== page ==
Garlic, there’s nothing like the smell of garlic. It’s great in soups and sauces, roasted with meats or on it’s own, and it’s wonderful mixed with butter and slathered on bread and then baked.
The scientific name for garlic is Allium Sativum. It’s related to the lily and the onion. Although associated with the onion, and using a taste that really slightly resembles that of an onion, garlic doesn’t bring tears to the eyes when sliced.
When buying fresh garlic, make certain the head feels very firm once you squeeze it. With time, garlic will soften and begin to sprout, which turns the garlic bitter. To keep fresh garlic, keep it in a dark, cool place, like the basement. Don’t refrigerate or freeze the garlic, as it will start to loose it is taste.
To peel a clove of garlic, put it on a cutting board, and place the flat of the blade of the knife . Press down on the opposite side of the blade with the heel of your hand, flattening the garlic slightly. The skin will come off.
The strong taste and odor of garlic stem from sulfur compounds inside the cells. The cells that are broken, the stronger the taste of the garlic will be. For the mildest flavor, simply use a complete or slightly crushed clove of garlic. To get a bit stronger taste, slice or chop the garlic, and for the most powerful taste, mash the garlic into a paste.
Cooking garlic tames the strong taste, and changes it in various ways, depending on how it’s cooked. If using in a sauce, it may be sweated or sauteed. In sweating the garlic, it’s first chopped finely, and then added into a cold pan with some oil, it’s then gently heated, causing the oil to become infused with the garlic taste. To sautee garlic, heat the oil in the pan and then add the chopped garlic, stirring frequently, and being careful to not let the garlic burn and become bitter.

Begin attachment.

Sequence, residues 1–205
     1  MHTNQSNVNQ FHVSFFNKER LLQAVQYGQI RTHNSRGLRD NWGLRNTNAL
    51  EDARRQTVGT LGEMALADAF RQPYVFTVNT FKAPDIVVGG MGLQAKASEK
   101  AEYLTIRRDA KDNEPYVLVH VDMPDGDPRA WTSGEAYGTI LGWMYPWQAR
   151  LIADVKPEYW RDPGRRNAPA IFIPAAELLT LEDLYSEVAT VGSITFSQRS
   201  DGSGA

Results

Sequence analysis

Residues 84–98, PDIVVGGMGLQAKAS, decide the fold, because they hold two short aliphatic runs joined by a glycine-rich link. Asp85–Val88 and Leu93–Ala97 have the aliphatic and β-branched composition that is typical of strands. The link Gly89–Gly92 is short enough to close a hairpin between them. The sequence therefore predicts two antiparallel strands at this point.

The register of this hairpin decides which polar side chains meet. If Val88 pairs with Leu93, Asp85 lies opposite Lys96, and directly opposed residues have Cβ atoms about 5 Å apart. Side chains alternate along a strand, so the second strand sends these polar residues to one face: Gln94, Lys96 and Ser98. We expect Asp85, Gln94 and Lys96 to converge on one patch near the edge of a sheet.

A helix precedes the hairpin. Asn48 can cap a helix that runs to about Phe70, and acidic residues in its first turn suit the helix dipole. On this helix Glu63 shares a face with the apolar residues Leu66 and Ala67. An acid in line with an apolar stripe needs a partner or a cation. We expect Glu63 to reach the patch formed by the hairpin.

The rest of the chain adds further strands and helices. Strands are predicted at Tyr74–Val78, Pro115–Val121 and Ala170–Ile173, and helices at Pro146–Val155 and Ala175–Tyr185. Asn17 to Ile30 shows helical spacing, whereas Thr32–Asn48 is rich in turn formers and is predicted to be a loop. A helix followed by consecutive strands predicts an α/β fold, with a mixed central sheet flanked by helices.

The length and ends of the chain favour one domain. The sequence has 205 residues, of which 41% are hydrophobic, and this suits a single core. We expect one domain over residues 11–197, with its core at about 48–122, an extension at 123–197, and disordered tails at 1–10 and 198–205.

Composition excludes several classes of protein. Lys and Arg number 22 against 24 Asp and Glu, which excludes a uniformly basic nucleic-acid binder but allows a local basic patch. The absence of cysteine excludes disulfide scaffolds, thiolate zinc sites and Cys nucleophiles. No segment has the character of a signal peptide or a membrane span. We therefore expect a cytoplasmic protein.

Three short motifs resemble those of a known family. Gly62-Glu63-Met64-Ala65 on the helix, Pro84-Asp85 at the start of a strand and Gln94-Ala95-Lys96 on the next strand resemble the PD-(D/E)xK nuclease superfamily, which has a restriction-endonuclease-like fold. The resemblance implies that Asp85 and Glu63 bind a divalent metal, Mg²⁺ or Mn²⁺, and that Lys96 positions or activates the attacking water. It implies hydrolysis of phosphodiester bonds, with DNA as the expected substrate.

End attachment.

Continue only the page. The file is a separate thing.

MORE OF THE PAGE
Roasting the garlic softens the taste, making it soft and ideal for mixing with cream cheese to spread on toast, or simply spread on the toast .
To roast the garlic, have an entire head of garlic, and remove the papery outer skin. Place the garlic on a sheet of aluminum foil, and drizzle with some olive oil. Loosely wrap the garlic in the foil, and put it into a 350 degree oven for 1 hour. Remove the garlic and let it cool. When cool enough to handle, separate the cloves of garlic, and then squeeze every one. The flesh should pop right out. The roasted garlic is fantastic mixed with cheese or potatoes, or on it’s own.
Do not be afraid to use garlic in your cooking.